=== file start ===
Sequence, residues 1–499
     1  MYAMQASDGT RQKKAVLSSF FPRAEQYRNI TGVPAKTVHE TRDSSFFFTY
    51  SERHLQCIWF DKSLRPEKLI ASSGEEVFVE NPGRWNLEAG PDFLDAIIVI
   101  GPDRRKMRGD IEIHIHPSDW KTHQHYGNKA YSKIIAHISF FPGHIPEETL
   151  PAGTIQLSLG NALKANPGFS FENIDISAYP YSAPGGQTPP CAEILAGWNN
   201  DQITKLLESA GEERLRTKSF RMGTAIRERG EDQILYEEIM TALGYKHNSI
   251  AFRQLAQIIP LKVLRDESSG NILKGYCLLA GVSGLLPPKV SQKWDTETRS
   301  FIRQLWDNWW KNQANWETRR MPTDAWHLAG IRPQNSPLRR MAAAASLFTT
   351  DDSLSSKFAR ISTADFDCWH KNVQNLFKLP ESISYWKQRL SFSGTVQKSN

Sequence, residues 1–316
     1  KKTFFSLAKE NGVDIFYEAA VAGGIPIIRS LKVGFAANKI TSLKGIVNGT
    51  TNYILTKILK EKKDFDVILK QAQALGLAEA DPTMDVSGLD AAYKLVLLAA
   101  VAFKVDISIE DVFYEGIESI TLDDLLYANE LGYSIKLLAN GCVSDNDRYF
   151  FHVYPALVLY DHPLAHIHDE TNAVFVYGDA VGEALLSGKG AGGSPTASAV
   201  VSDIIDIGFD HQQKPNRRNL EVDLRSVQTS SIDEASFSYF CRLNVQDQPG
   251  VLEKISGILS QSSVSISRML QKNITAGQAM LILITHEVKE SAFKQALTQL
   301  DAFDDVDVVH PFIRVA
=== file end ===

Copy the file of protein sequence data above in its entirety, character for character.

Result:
Sequence, residues 1–499
     1  MYAMQASDGT RQKKAVLSSF FPRAEQYRNI TGVPAKTVHE TRDSSFFFTY
    51  SERHLQCIWF DKSLRPEKLI ASSGEEVFVE NPGRWNLEAG PDFLDAIIVI
   101  GPDRRKMRGD IEIHIHPSDW KTHQHYGNKA YSKIIAHISF FPGHIPEETL
   151  PAGTIQLSLG NALKANPGFS FENIDISAYP YSAPGGQTPP CAEILAGWNN
   201  DQITKLLESA GEERLRTKSF RMGTAIRERG EDQILYEEIM TALGYKHNSI
   251  AFRQLAQIIP LKVLRDESSG NILKGYCLLA GVSGLLPPKV SQKWDTETRS
   301  FIRQLWDNWW KNQANWETRR MPTDAWHLAG IRPQNSPLRR MAAAASLFTT
   351  DDSLSSKFAR ISTADFDCWH KNVQNLFKLP ESISYWKQRL SFSGTVQKSN

Sequence, residues 1–316
     1  KKTFFSLAKE NGVDIFYEAA VAGGIPIIRS LKVGFAANKI TSLKGIVNGT
    51  TNYILTKILK EKKDFDVILK QAQALGLAEA DPTMDVSGLD AAYKLVLLAA
   101  VAFKVDISIE DVFYEGIESI TLDDLLYANE LGYSIKLLAN GCVSDNDRYF
   151  FHVYPALVLY DHPLAHIHDE TNAVFVYGDA VGEALLSGKG AGGSPTASAV
   201  VSDIIDIGFD HQQKPNRRNL EVDLRSVQTS SIDEASFSYF CRLNVQDQPG
   251  VLEKISGILS QSSVSISRML QKNITAGQAM LILITHEVKE SAFKQALTQL
   301  DAFDDVDVVH PFIRVA